Multiple Sclerosis: friends & family experiences

Decisions about treatment for MS

Everybody we spoke to knows that there is no cure for Multiple Sclerosis (MS). Depending on the stage and type of the illness, various treatments are available which can slow its progress or control its symptoms. Decisions to have these treatments were negotiated between the person with MS and their doctors, often with the active support of their partner. Sometimes all concerned agreed that the best thing was to have no treatment because the side effects might be worse than the symptoms. 

Because MS is unpredictable, a treatment which seemed to work for a while often seemed to become less effective over time and was stopped. Sometimes the side effects of a drug were so bad that the person stopped taking it and wouldn’t have it again. Occasionally, people talked about their relative, partner or friend wanting to try a drug which their doctor didn’t think was right for them. Some people suspected that these decisions were funding related.
Several people with MS had taken part in drug trials. Partners encouraged this, for the sake of their spouse but also to contribute to knowledge for the sake of other people with MS. 

Many also used non-drug treatment such as physiotherapy, oxygen treatment, yoga, massage, reflexology and a healthy diet with fish oils and vitamins. These were all seen as beneficial, though some people said their partners didn’t always do their physiotherapy exercises. Karl said that his partner tried acupuncture when she was first diagnosed but there was no noticeable effect. Some people had tried unconventional treatments such as drinking sunflower oil, but most were sceptical about the value of anything that was marketed as some kind of miracle cure. A few people tried a treatment against the advice of their doctor.

Some people we spoke to very actively looked for information about treatment and used the evidence they found to negotiate particular treatments for their relative. Both Bernard and Paul Z found research articles on the Internet and showed them to consultants. Bernard’s story shows that people react differently to any given drug, and that drug availability changes over time.
Emma’s husband decided which treatment to have, but Emma helped him to decide by finding information and using her scientific background to help him understand it. She also makes sure that he eats specific foods which she thinks will help:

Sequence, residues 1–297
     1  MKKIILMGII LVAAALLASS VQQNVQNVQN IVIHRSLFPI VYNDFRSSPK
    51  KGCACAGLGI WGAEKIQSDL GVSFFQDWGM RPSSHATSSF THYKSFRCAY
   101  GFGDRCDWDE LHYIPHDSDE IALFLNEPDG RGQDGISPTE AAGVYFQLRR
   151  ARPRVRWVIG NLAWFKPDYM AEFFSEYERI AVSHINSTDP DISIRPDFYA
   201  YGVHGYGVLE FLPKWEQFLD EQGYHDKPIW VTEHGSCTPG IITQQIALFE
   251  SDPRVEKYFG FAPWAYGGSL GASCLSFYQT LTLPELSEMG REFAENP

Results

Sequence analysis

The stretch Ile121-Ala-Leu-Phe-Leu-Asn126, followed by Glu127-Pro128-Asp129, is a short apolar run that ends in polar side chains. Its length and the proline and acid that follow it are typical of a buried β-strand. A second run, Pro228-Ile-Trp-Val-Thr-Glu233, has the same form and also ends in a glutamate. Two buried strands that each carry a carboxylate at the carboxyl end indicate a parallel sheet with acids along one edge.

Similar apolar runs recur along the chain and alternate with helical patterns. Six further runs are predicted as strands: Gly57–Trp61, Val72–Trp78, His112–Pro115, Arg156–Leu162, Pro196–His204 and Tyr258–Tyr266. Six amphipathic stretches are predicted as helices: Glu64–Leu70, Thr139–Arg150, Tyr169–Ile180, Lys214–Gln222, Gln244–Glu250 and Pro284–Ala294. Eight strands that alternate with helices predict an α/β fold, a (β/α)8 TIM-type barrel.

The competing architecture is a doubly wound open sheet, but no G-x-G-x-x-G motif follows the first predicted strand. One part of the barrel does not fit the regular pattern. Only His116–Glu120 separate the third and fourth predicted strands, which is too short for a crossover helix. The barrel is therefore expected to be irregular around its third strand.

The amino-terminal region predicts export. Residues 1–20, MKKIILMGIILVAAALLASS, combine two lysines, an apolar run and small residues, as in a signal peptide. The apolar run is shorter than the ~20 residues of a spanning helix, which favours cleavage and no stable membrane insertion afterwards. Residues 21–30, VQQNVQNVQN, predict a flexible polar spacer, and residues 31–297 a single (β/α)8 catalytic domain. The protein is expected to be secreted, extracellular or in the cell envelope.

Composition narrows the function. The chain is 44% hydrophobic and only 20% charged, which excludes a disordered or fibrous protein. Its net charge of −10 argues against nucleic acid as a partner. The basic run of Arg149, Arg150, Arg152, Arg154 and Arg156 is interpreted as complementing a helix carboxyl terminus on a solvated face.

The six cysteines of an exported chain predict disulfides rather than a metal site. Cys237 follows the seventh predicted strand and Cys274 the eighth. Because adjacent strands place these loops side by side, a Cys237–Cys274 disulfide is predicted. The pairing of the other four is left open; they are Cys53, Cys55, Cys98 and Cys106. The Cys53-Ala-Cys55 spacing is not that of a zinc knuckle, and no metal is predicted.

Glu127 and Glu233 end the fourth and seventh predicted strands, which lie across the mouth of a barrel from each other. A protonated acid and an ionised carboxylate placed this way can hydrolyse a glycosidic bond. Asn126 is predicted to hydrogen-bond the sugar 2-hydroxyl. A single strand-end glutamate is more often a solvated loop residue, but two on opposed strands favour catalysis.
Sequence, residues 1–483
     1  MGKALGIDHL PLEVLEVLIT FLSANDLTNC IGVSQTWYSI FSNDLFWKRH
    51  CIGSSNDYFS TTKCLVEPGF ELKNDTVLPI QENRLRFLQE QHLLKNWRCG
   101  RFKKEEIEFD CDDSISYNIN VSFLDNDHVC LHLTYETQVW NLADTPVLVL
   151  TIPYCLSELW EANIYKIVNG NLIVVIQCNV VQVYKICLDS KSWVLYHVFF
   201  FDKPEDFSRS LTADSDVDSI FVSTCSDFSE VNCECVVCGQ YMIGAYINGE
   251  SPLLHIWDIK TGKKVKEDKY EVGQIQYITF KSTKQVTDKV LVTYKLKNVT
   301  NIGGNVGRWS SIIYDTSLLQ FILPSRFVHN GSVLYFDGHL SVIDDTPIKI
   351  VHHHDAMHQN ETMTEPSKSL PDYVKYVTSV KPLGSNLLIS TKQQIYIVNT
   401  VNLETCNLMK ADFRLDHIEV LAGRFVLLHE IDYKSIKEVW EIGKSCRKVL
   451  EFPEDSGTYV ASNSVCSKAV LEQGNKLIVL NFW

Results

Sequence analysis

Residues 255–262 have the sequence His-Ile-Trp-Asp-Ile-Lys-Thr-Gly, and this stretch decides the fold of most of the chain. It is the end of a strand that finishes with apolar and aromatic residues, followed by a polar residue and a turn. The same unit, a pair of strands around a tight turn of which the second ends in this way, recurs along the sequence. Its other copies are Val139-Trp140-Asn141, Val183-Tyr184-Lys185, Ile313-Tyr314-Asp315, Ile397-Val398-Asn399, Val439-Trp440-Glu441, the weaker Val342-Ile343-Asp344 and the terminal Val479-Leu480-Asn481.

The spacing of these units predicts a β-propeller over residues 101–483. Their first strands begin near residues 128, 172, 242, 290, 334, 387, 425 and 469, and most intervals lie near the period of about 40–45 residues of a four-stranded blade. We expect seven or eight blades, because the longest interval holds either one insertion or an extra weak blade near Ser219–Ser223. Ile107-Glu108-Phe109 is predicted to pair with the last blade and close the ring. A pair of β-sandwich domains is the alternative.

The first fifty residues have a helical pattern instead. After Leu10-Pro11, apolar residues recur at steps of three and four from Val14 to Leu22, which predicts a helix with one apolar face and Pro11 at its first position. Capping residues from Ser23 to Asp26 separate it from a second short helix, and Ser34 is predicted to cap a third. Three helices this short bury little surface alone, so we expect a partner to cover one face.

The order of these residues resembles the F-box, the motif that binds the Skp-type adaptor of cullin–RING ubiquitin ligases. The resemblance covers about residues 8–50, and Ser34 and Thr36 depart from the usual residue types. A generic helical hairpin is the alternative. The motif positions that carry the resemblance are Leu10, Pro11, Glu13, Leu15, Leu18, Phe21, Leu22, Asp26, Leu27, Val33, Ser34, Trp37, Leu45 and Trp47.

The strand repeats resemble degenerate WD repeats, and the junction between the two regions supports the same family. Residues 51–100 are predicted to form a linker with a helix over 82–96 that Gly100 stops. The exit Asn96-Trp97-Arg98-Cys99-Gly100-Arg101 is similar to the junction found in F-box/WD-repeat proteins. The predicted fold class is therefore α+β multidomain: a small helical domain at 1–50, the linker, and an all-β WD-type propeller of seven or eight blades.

Sometimes the ability to pay for treatment, or to get funding from the relevant part of the NHS, was important. Robin advises not to buy your own medicines, but to get them on prescription; but Betty, with shrinking savings and little income, has to get low dose naltrexone on a private prescription and is awaiting a decision on whether the PCT will fund cannabis spray (Sativex) for her partner. Jeff’s wife had to go to a different city for botulinum toxin (Botox) treatment. It was uncertain for a while whether Emma’s husband, a non-EU citizen, would be eligible for treatment. Stella feels grateful that, despite the drop in their income since her partner had to stop working, they can still afford to pay for alternative therapies. Kay Z’s husband could get beta interferon from America (through relatives living there) before it was available in the UK.
Some people were optimistic about the prospects for new treatments based on scientific research. Treatments that weren’t based on evidence were generally disapproved of but some people said their relative had tried them, or wouldn’t discount trying them, anyway. Ian’s wife decided against her doctor’s advice to have a controversial treatment to widen the vein which takes blood from the brain (CCSVI).
Some relatives had heard about people who had ‘overcome’ their MS. Most thought that this probably meant they had a mild form of MS with long periods of remission, rather than that they had been cured. But it mattered to Stella to hear this, ‘Because we were always told it was something that you have, and you need to make do with it, and you need to accept it. Which is true as well. But then there’s always hope. Always, for anything’.

Last reviewed July 2018.
Last update July 2018.
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